A few weeks ago, I wrote a post on Defensive Programming. In it I recalled a recent work project that had benefited from the practice. Today, I want to bring in additional insights that I have since found. I believe they will help broaden the conversation.
I found an article recently listed on my feed from LinkedIn. You can read the article here. The article discussed system design, and focused on defense against hacking. In summary, the recommendation was to build our systems like we do a submarine. A submarine contains water-tight compartments sealed from one another by bulkheads. This way is any part of the submarine is breached, one can seal the affected parts. I did some light research on Wikipedia to verify my understanding. It is truly impressive the amount of engineering that goes into these machines. Perhaps the most striking feature is the physical embodiment of the “Ruthless Calculus of War”. Specifically looking at the Pressure Hull section of the Wikipedia article, it is clear that these devices are built to take a hit. You can find the wikipedia article here.
While the author discussed defending network systems against attack, I thought about my employer’s legacy code project. We have many components separated into many libraries. And the interfaces in the software are often convoluted at best. Moreover, I have seen little protections or compartmentalization where it might be prudent. For an example, I will use the same project which initiated my first discussion. A new feature would crash without explanation in certain conditions. While most of us thought about why the crash was happening, One of our front end developers was smart enough to put the call to our interop into a try-catch block. With this in place, any exception thrown from the algorithm was caught. This way the exception details are shown to the user. Instead of hypothesizing about the problem we could simply know.
But, the more important effect was the clean separation between the front and back ends. This neat compartmentalization means that failure in the algorithm don’t result in a crash. In the same way that a breach doesn’t sink the sub. While reviewing this article I realized that we need to change our thinking for this practice to work. We need to think less about protecting ourselves from every possible failure. We need to think more about how to survive that failure. Perhaps it seems fatalistic to try to just survive the inevitable failure. But the truth of the matter is we cannot and will not anticipate every condition. As a result it may be wiser to invest our effort in equal parts between anticipation and containment.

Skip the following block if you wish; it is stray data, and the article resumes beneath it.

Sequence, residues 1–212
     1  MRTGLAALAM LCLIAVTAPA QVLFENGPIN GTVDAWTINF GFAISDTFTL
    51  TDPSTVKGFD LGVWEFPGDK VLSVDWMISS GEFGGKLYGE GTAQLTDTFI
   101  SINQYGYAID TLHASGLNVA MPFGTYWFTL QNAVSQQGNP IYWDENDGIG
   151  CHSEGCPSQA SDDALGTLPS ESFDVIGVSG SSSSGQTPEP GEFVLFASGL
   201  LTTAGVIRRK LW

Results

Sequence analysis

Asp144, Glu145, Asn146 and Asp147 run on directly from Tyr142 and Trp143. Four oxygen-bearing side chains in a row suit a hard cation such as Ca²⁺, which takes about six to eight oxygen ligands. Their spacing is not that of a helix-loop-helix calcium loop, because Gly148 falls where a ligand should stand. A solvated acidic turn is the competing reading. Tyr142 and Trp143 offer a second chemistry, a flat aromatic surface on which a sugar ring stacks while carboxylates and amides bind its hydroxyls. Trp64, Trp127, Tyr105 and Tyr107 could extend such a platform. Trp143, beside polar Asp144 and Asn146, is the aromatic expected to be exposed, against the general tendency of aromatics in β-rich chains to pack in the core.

Looking back, I realized that containment should not be applied just to Interop components. A wise developer would see that we ought to apply compartmentalization to any file system access as well. In fact, I recently fixed a Customer Defect in my employer’s main C# application related to a corrupts of their settings file. The solution was of course to protect the application for corrupt files, without crashing. While talking about this to one of the lead Devs on the project, we realized that service calls should be protected similarly. For example, when the C# project calls into the legacy code, we ought to protect the C# project against the legacy code failures, and vice versa when the legacy code calls into the C# project.
The more I mull this idea over, the more I realize about it. As in the first example, it was a wise use of our Development time. And it improved our debugging efficiency! Furthermore, this construction follows the testing pattern of: Fail Loud, Fail Fast, and Fail Safely!, which I generally try to adhere to. The ‘Fail Safely’ part is often forgotten though, as the other examples have shown. In some cases is it also difficult to implement. But with the revelations of the article and my recent examples, I hope to be more consistent in my use of this principle. With any luck,it has become a little clearer.
So, looking again at the many parts of our legacy code, I wonder if it would be wise or viable to add the try-catch bulkheads. These simple steps would save our users from the dark and murky depths of unknown failures. What do you think? Please share your thoughts in the comments below!
* Image borrowed from DailyMail.com